The Global Crisis has stirred up a debate on the constraints and boundaries of lender of last resort (LOLR) policies. This column examines the history of the development of the LOLR throughout the world. The LOLR is a locus of political power, and as such, its creation should be viewed as the outcome of a political bargain. It is therefore not surprising that countries differed in their propensity to create LOLRs, and in the powers with which they chose to endow them.
Our historical account shows that differences in the structure and function of lenders of last resort reflect major political obstacles to establishing LOLRs and adopting effective rules for LOLR policy, and cannot be explained by economic differences alone. This was the case in early 19th century Britain, where the institutional changes that gave the Bank of England LOLR powers and responsibilities, following a succession of banking crises, were controversial and contested. In the US, the development of a LOLR was delayed as a result of political opposition, and when the Federal Reserve System was created in 1913, its structure and powers were circumscribed by restrictive legislation. The Fed’s powers were narrowly confined to engaging in collateralised rediscounts and advances on certain classes of assets with member banks. In contrast, the Bank of England was permitted ample room for improvisation.
The experiences of Canada and Australia also illustrate unique central bank chartering outcomes, which reflect their own political histories. Canada’s classically liberal political environment eschewed central banking until 1935. Instead, Canada relied on interbank coordination to avoid banking crises. The establishment of the Bank of Canada in 1935 reflected monetary goals rather than any perceived failings due to the absence of a LOLR. Australia did not create a full-fledged central bank until 1959, which was the culmination of a protracted political struggle over the appropriate allocation of power over money and credit. More recently, political constraints that reflect the allocation of political powers within the euro area have played an important role in defining and limiting LOLR actions of the ECB to deal with banking crises within the euro area.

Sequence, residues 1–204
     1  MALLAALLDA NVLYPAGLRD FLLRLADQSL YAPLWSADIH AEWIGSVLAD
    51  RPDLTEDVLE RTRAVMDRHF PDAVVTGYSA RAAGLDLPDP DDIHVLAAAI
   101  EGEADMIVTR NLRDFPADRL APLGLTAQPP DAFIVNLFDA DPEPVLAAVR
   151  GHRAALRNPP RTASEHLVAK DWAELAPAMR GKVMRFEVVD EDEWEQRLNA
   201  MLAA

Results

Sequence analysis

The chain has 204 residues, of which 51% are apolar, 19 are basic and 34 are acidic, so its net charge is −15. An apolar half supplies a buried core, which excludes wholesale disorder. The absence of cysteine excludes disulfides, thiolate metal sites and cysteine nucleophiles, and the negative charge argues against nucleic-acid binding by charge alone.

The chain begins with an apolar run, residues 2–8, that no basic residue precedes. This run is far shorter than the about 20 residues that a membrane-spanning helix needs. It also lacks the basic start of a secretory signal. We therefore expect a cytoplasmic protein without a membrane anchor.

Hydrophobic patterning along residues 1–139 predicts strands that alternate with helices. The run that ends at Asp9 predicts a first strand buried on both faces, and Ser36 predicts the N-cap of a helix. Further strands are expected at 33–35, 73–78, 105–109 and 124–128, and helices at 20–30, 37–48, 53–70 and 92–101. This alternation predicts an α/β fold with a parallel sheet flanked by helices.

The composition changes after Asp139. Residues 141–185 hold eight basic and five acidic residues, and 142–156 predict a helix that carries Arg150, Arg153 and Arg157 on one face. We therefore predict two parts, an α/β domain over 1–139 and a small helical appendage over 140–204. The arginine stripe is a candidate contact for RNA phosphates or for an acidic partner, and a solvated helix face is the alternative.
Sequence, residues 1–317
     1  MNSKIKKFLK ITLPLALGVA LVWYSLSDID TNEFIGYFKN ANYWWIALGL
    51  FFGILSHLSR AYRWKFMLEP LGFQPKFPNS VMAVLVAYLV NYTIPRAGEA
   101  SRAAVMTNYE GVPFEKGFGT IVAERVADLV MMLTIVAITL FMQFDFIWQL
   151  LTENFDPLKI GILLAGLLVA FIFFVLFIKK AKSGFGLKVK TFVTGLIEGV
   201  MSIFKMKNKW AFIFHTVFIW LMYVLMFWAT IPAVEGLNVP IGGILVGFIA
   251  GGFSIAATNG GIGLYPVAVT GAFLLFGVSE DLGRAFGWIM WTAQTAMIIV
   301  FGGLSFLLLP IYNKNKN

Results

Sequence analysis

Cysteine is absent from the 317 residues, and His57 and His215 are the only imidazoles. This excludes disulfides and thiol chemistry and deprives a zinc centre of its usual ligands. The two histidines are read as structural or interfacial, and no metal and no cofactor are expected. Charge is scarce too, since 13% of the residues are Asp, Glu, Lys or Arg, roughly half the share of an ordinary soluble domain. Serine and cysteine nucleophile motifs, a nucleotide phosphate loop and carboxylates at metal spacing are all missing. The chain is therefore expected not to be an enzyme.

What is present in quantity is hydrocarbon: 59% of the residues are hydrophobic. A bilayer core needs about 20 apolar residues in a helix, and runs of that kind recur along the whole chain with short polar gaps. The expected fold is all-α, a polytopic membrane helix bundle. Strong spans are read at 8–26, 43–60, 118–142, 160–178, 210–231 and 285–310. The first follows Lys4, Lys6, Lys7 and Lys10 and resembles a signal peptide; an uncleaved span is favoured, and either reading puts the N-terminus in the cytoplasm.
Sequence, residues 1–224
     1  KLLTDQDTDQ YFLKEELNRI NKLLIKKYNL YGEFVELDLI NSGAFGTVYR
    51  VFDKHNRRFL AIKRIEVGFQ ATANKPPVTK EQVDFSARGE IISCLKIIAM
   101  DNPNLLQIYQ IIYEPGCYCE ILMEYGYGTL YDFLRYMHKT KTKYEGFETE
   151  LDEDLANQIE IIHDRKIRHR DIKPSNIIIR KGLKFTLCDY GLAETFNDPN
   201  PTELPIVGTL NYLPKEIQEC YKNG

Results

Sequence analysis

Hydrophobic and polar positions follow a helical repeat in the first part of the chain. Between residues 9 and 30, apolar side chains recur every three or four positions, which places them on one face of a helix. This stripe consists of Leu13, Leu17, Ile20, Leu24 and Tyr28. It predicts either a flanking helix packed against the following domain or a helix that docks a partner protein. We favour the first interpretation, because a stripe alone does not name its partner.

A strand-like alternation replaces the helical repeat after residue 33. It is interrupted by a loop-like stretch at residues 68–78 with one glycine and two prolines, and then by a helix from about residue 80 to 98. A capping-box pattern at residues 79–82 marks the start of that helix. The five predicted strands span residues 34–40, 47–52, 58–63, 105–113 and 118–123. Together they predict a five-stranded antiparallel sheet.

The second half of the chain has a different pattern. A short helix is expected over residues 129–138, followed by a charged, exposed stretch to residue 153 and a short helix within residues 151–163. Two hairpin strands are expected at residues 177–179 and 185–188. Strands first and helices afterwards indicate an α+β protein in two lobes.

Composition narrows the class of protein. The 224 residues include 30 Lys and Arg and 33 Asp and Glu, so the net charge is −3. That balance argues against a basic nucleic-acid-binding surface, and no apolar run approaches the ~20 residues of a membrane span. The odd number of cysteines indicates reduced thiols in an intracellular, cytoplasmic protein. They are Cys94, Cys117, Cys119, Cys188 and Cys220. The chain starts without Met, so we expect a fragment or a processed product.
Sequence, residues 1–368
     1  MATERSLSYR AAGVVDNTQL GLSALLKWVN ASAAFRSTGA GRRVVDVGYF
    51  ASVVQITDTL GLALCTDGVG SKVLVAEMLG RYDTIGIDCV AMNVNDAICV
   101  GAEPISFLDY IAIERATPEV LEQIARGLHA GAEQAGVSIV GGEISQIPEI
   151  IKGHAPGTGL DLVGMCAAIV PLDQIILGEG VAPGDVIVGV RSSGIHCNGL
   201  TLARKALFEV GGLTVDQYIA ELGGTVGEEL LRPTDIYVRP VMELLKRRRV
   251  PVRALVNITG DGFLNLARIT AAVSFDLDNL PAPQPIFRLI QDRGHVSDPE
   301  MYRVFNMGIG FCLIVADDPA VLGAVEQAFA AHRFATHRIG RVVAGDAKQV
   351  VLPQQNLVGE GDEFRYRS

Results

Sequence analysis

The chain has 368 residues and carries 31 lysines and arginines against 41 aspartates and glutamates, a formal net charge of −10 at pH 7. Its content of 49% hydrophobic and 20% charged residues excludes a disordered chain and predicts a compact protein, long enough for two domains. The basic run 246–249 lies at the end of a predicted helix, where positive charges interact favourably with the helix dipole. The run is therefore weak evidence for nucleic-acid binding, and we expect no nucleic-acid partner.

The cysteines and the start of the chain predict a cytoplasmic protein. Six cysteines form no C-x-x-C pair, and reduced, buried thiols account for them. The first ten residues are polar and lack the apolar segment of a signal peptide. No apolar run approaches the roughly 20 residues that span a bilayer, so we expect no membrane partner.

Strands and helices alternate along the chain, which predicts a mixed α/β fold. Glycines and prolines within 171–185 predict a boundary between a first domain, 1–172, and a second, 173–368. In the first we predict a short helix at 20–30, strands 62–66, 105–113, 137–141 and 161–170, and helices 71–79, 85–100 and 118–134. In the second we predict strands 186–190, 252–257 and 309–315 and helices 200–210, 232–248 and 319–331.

The LOLR is a locus of political power, and as such, its creation should be viewed as the outcome of a political bargain (Calomiris and Haber 2014). It is therefore not surprising that countries differed in their propensity to create LOLRs, and in the powers with which they chose to endow them. LOLRs began as collateralised lenders empowered and required to provide credit to banks that were otherwise unable to fund their needs during crises, but LOLRs’ statutory powers changed over time in varied ways.
We trace changes over time in the approaches used by central banks and governments to deal with financial crises from the late 19th century to the late 20th century. We identify a shift in the scope of LOLRs away from a narrow reliance on collateralised lending to an approach including also other forms of support, including credit guarantees, preferred stock assistance, and other mechanisms. We relate this shift in part to the need to expand LOLR activity to a broader set of interventions in the case of systemic banking crises.
Prof. Calomiris has been talking about the political linkages to finance for a while now..